Monza is well connected with Milan by train (from Garibaldi and Centrale stations) and by ATM bus line 723, 724, 722. Both train and buses arrive very close to city centre.
To come to Monza by car from east or west you should take A4 highway (Turin-Milan-Venice) and exit "Monza", from north the Milan-Lecco expressway (ss36) which ends in the town. From south you'd better take Milan's "tangenziale nord", which starts from "tangenziale est" and then Monza exit.
TPM operates a small public transportation network, you are supposed to buy tickets in advance and validate it once your trip starts. Tickets are urban and inter-urban (for travellers willing to cross city border) and both are valid for 60'.
The public transportation network is not used so much by "Monzese" people because of the small dimensions of the city. Reaching the centre by foot from the periphery will take you about 30'.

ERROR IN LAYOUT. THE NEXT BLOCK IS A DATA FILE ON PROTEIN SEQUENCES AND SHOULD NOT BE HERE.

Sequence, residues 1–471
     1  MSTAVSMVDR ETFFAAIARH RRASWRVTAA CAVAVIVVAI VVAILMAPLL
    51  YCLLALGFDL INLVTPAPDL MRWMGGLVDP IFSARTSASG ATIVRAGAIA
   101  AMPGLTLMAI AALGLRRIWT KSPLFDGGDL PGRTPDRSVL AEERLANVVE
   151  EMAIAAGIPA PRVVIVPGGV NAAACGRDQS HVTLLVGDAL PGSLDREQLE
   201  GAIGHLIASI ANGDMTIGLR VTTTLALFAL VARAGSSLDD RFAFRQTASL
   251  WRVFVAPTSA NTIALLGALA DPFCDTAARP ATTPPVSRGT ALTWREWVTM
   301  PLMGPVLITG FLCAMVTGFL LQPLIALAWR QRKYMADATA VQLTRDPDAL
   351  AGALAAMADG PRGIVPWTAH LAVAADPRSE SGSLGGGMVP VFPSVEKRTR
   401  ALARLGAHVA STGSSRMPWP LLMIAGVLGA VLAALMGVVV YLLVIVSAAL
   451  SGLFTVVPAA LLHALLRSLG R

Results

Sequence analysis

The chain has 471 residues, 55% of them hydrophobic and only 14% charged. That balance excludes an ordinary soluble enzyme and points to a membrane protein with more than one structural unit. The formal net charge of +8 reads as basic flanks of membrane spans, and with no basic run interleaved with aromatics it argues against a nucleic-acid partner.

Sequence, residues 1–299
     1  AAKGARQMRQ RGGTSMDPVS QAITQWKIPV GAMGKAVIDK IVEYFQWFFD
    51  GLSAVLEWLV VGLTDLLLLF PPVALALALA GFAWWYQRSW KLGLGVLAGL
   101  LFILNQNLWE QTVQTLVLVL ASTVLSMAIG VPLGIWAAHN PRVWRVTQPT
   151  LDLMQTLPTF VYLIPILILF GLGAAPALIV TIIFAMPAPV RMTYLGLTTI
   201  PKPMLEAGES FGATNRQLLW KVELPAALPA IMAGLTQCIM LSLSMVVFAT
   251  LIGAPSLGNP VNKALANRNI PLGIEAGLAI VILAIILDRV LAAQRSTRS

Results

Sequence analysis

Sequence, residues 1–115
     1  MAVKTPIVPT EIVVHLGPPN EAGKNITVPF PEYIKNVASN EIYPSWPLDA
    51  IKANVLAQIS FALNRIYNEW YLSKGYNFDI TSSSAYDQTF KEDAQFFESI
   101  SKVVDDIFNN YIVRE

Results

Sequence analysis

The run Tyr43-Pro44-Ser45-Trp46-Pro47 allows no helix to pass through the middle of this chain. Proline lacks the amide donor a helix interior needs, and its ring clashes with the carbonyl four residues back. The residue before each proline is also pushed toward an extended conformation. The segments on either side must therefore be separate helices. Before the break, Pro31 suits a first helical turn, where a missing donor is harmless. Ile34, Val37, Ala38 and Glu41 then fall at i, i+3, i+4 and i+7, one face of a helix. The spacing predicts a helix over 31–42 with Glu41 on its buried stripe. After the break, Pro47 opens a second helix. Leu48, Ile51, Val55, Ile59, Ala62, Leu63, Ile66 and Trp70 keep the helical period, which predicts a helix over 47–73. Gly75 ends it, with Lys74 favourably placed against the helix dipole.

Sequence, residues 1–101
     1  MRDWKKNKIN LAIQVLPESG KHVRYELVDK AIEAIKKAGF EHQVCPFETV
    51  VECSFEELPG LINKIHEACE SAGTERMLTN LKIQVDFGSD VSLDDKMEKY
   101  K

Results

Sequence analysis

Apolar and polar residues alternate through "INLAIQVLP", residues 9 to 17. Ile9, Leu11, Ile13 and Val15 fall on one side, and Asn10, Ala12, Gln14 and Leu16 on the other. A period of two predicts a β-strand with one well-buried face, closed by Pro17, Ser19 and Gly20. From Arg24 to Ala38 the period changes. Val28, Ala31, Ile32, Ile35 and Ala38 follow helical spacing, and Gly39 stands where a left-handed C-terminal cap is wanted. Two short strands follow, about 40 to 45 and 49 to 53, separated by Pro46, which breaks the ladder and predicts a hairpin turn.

Bike are heavily used by Monza inhabitants and there's a nice ring of bike-reserved lanes on the banks of Villoresi Canal.
The City centre is a pedestrian-only shopping zone, with several high-budget shops side-by-side with international brand flagship stores.
The Duomo, known also as "Cathedral of San Giovanni Battista", buildt in 595 and then modified in 13th and 14th century. The frescoed Chapel of Theodelinda houses the Iron Crown of Lombardy, supposed to contain one of the nails used at the Crucifixion.
The Parco di Monza (Monza Park) is the largest enclosed park in Europe, established in 1806 is now part of Lambro Valley Natural Reserve.
The Autodromo Nazionale (national circuit) is where the Formula 1 Grand Prix take place. During non-race days is available for visitors to race on track.
The Villa Reale (royal villa), built between 1777 and 1780 by will of empress Marie-Therese of Austria, is a country palace very similar to Schoenbrunn in Vienna. Currently, it is being renewed, so only a small part of the marvelous royal apartment is open for visitors.